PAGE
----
The kids are stepping out and speaking out once again. They’re demanding action on global warming and climate change. They’re sick and tired of waiting around for my generation and the one before it to do all the things that should’ve long since been done.

Before today, they’ve filed a lawsuit against the government of the United State of America. They’ve walked out of school to protest inaction by governments around the world. And tomorrow, March 15, they’re walking out again, but in a more organized fashion.

This time it’s being billed by some as a “coming out party” for the international Youth Climate Strike, a movement that started with a 15-year-old girl who’s had enough.

I’ve written about the lawsuit before, giving the kids behind it a shout-out. Today, once again, I say…

Kudos to the Kids!

The youth of the United States and the world have been gathering steam for several years now, beginning even before 21 of them filed suit against the U.S. government for not acting on what it knew about global warming and its effects.

That was in 2015.

Continue reading “The New Leaders on Climate Change”

Trump’s “Alternative” Climate Change Panel

The president wants to set up his own climate-change panel to refute the conclusions of the “Fourth National Climate Assessment.” It’s a dangerous idea.

In Adolescent Fashion, President Calls for More Fossil-Fuel-Friendly Council

Don’t like what the climate change scientists are saying? Find different scientists.

That’s the thinking of President Donald J. Trump on global warming.

No shock. That seems to be his modus operandi on, well, everything –

    • Change the label.
    • Call it “fake.”
    • Develop “alternative facts.”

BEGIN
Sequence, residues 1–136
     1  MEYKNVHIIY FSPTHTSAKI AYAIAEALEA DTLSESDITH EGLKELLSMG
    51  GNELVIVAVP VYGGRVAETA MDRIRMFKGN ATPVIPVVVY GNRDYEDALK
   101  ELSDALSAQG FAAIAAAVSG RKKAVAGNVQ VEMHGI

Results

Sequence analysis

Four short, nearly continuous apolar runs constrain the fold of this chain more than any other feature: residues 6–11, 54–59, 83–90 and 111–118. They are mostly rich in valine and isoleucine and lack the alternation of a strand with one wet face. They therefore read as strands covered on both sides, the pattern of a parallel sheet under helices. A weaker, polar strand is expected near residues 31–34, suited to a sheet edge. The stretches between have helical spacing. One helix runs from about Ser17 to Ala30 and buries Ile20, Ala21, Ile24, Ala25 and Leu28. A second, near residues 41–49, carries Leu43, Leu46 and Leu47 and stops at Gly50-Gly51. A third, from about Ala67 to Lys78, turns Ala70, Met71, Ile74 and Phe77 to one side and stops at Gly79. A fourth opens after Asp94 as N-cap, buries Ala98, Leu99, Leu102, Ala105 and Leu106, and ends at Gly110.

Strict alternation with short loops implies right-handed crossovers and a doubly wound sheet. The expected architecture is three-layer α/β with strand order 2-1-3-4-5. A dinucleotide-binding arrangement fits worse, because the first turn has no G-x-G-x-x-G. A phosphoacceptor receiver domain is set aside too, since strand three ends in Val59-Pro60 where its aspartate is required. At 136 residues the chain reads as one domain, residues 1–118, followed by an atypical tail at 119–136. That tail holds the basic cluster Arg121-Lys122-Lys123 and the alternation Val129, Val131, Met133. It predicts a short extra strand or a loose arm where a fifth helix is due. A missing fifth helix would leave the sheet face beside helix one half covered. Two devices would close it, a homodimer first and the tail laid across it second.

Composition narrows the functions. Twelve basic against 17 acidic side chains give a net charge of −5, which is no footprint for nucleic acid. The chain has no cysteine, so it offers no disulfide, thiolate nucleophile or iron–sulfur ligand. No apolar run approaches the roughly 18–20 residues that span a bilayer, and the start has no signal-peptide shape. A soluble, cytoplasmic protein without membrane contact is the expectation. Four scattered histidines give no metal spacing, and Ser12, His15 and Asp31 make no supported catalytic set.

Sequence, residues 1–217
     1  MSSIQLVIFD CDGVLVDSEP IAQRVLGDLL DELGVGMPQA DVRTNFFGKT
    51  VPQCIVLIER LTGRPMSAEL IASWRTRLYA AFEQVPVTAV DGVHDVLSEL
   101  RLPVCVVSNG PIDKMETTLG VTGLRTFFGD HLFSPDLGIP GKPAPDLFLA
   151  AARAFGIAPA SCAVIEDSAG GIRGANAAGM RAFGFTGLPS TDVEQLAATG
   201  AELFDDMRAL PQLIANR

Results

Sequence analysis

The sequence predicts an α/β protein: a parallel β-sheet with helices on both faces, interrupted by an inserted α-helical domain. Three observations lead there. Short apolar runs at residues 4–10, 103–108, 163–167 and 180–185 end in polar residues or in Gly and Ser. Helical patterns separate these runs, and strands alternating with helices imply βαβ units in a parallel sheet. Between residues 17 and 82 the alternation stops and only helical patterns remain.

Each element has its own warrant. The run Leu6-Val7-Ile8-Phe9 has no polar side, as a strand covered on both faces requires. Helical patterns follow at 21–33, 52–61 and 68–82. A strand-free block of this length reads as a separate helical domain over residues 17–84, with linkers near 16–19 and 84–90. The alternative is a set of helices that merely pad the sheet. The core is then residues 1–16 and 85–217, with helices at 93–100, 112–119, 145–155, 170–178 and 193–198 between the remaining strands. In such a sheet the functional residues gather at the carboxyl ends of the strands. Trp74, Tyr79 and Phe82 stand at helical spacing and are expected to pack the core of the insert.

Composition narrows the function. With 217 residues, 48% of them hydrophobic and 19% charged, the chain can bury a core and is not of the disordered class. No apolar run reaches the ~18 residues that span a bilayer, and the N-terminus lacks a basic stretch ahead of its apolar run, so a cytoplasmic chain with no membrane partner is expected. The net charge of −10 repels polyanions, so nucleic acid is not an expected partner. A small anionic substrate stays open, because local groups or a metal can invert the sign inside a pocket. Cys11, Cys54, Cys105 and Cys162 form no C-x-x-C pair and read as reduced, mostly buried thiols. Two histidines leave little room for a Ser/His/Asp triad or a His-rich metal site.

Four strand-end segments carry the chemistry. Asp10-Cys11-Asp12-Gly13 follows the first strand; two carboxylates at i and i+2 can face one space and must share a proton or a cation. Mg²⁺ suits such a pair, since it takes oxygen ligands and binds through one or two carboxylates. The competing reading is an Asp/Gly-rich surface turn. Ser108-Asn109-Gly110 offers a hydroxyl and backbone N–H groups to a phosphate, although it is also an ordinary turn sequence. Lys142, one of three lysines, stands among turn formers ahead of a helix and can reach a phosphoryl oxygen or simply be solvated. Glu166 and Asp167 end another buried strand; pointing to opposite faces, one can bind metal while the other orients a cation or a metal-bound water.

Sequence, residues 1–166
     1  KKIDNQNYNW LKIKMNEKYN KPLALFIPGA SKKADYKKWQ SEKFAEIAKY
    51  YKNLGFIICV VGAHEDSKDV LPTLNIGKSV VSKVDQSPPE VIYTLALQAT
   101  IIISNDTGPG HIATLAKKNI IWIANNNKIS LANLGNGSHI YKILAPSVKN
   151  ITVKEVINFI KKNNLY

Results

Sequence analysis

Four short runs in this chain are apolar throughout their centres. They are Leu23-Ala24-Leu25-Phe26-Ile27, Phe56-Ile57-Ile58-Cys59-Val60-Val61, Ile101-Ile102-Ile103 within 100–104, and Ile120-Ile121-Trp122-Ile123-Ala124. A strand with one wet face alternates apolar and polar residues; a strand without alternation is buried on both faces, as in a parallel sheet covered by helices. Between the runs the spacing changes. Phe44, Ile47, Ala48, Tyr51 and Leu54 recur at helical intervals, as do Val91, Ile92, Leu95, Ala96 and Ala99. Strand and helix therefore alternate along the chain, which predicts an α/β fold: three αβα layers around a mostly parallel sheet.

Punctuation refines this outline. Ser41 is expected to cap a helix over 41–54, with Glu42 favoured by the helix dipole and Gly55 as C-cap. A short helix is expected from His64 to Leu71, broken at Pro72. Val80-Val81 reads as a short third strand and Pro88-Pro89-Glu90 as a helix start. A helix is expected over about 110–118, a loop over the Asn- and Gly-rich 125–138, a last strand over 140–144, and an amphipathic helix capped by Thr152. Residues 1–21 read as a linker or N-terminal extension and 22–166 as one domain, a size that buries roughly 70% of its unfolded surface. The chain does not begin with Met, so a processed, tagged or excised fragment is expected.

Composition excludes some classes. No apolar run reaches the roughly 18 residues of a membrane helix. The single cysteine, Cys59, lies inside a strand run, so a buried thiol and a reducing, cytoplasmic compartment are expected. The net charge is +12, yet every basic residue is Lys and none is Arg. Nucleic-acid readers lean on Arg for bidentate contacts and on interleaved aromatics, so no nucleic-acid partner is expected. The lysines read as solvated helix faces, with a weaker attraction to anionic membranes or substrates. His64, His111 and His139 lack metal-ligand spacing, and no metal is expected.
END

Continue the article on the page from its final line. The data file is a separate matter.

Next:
• Create different rules.

Unfortunately, in all cases but particularly in this one, that’s seriously dangerous thinking.

Continue reading “Trump’s “Alternative” Climate Change Panel”

The Ol’ Engelstad Gun-to-Our-Heads Maneuver. Again.

Donations do not – or at least should not – give donors the power to be kingmakers. Or, in this case, president-unmakers.

No, Ms. McGarry. You Don’t Get Control.

Kris Engelstad McGarry is at it again, holding a gun to the heads of North Dakota higher education leaders and, ipso facto, to the heads of North Dakota citizens.

This time the Engelstad family is threatening to quit giving money to the University of North Dakota until President Mark Kennedy is gone. McGarry refused to utter the word “fired,” but she didn’t need to.

McGarry:  No Engelstad Money while Kennedy is at UND

Nice.

Gun To Our Heads. Again.

It’s far from the first time for the late UND alumnus Ralph Engelstad and his heirs.

Continue reading “The Ol’ Engelstad Gun-to-Our-Heads Maneuver. Again.”

Am I Your (personality) Type?

I understand you better, you understand me better, we understand each other better. From where I’m sitting, the world could use a little more of those kinds of outcomes right about now.